Abductions, Censorship and Layoffs: Pakistani Critics Are Under Siege
Recent abductions of a journalist and an activist have underscored Pakistan’s worsening rights conditions as the country’s security forces pressure the news media and human rights groups.
By Maria Abi-Habib
U.S. Adds Sanctions Over Internment of Muslims in China
The Treasury Department imposed sanctions on a powerful government entity that runs companies and farms in the Xinjiang region, where officials carry out the mass internment of Muslims.
By Ana Swanson and Edward Wong
China Uses Quarantines as Cover to Detain Dissidents, Activists Say
Critics of the government said they were held in rooms with barred windows and denied permission to contact their families, all in the name of public health.
By Sui-Lee Wee
The Dictator Who Waged War on Darfur Is Gone, but the Killing Goes On
The ouster of Sudan’s longtime ruler last year stoked hopes for peace in brutalized Darfur. But violence has surged amid fresh accusations against Sudan’s security forces.
By Declan Walsh
Report: N.B.A.’s Academies in China Abused Athletes
The report said athletes were struck by coaches, housed in crowded conditions and not given schooling as promised.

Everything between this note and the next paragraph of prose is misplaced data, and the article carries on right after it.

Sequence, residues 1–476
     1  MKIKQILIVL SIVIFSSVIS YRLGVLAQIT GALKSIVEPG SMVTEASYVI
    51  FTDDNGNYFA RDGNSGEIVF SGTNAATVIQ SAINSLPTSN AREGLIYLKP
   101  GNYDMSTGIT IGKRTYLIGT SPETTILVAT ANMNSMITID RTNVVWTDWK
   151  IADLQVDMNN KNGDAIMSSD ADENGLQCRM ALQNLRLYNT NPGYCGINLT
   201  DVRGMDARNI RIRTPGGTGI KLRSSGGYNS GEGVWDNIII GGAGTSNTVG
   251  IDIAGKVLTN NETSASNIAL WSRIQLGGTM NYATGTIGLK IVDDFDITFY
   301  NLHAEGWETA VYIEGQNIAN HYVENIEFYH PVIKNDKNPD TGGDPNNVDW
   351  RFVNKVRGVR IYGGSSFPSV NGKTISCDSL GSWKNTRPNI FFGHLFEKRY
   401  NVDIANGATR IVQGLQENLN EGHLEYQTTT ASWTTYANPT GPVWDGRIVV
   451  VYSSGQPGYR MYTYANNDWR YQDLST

By Sopan Deb
U.N. Panel Takes Aim at Heavy-Handed Police Tactics at Protests
The comments by the United Nations Human Rights Committee come as the Trump administration faces growing criticism for deploying federal agents to confront Black Lives Matter protesters.
By Nick Cumming-Bruce
Pentagon Admits to Civilian Casualties in Somalia for a Third Time
Africa Command’s admission of the death comes in the wake of its slow move toward better accountability after years of criticism from human rights groups and lawmakers.
By Thomas Gibbons-Neff
A Close Look at a Fashion Supply Chain Is Not Pretty
A new report on factories in Malaysia that create products for Brooks Brothers, Levi’s, LL Bean and others examines the high prices workers pay for their jobs.
By Elizabeth Paton
British-Australian Academic Jailed in Iran Is Moved to Remote Prison
Kylie Moore-Gilbert, who has denied charges of espionage, is now in a facility where many have been infected with the coronavirus, rights activists say.
By Elian Peltier
The Chinese Town That Became the Self-Immolation Capital of the World
In “Eat the Buddha,” Barbara Demick tells the story of Tibetan resistance to Chinese rule through the stories of the people who have seen it up close.
By Anne Fadiman
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